The platform is a great solution for all kinds of organizations. It can be used by a local brewery organization to map breweries, a startup organization to map the tech community, or a publisher to create individual maps for articles.
For some great examples of Mapme’s possibilities, check out this list of maps
Mapme’s best feature is how easy it is to get the community involved and adding. No coding knowledge required. Build a map here.
ZeeMaps enables you to design and publish interactive maps with a whole range of features, including data imports from excel, csv and even Google docs.
The nice thing about ZeeMaps is that once your data is on there, the maps are highly customizable, allowing you to choose from custom icons, color regions, multimedia and more. You can also create custom fields without any development knowledge. Their three-tiered access feature – viewer, member, and admin makes this a great option for presentations and group data analysis projects.
ZeeMaps offers free as well as paid versions. You can check out the options here .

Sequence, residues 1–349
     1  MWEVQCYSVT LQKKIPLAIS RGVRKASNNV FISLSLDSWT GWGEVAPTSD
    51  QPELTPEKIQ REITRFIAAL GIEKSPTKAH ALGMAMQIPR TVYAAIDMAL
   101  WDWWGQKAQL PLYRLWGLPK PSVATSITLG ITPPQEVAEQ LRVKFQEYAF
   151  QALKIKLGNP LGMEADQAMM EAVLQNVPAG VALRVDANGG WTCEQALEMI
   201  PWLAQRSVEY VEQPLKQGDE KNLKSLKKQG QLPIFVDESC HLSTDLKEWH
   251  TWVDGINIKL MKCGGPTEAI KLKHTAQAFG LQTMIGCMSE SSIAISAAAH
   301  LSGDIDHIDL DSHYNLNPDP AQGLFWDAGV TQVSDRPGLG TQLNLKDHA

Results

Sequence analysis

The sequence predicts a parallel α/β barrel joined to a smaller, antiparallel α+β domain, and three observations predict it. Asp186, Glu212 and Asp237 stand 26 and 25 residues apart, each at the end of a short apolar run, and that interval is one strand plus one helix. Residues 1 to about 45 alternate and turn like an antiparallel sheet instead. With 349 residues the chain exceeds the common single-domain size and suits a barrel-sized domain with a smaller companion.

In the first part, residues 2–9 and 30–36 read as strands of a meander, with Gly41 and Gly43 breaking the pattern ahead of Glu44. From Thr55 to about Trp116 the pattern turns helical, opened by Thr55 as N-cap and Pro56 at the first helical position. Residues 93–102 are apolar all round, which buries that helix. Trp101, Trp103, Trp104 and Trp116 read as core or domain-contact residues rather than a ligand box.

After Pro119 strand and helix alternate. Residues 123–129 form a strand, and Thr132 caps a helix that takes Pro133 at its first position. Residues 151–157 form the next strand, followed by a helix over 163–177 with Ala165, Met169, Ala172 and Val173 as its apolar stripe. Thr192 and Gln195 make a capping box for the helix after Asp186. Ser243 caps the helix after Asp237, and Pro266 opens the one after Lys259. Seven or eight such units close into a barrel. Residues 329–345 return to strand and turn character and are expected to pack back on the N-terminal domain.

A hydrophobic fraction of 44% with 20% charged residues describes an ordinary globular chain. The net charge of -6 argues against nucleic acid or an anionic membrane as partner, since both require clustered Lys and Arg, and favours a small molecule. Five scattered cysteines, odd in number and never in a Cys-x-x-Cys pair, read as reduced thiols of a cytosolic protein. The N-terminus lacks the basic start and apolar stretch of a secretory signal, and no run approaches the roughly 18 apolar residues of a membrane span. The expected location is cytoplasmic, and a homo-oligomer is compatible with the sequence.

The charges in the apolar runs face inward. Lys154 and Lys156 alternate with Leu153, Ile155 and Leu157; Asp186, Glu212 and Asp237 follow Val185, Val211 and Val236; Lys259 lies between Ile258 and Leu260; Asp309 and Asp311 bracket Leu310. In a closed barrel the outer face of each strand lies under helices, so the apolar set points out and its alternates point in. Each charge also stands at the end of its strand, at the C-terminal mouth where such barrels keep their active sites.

Google Maps API
Probably the best known and the most often used, the Google Maps API is the standard for online maps that are easily integrated across platforms. Google Map’s API allows for street-level views along with Google Places integration, providing information and even reviews for locations in which your audience might be interested.
The maps are customizable by color, visibility levels, and even labels. This high level of customization can require some coding but as usual, Google provides detailed tutorials. For those who really don’t want to take the time to sift through tutorials, there are other services that work with the Google API and quickly help you customize. Check it out here .
Mapbox is a great map-based solution for spatial analysis on the fly, making it easy to integrate location into any mobile or online application. Their goal is to “change the way people move around cities and understand our planet.”
Their coolest feature? The tool offers a Smart Directions API, allowing you to integrate live directions into your app. For example, when a courier accepts a task, Smart Directions generates a route specifically for their mode of transportation. If you’re looking to be the next delivery or service to door app, this one’s for you.
It counts Pinterest, Evernote, and Foursquare amongst its users. Mapbox calls itself a mapping platform for developers but the web-based editor is easy and a great place to start.
Mapbox has starter packages for up to 50,000 monthly users and 1 style. For more, there are two premium packages to choose from with up 30 different styles.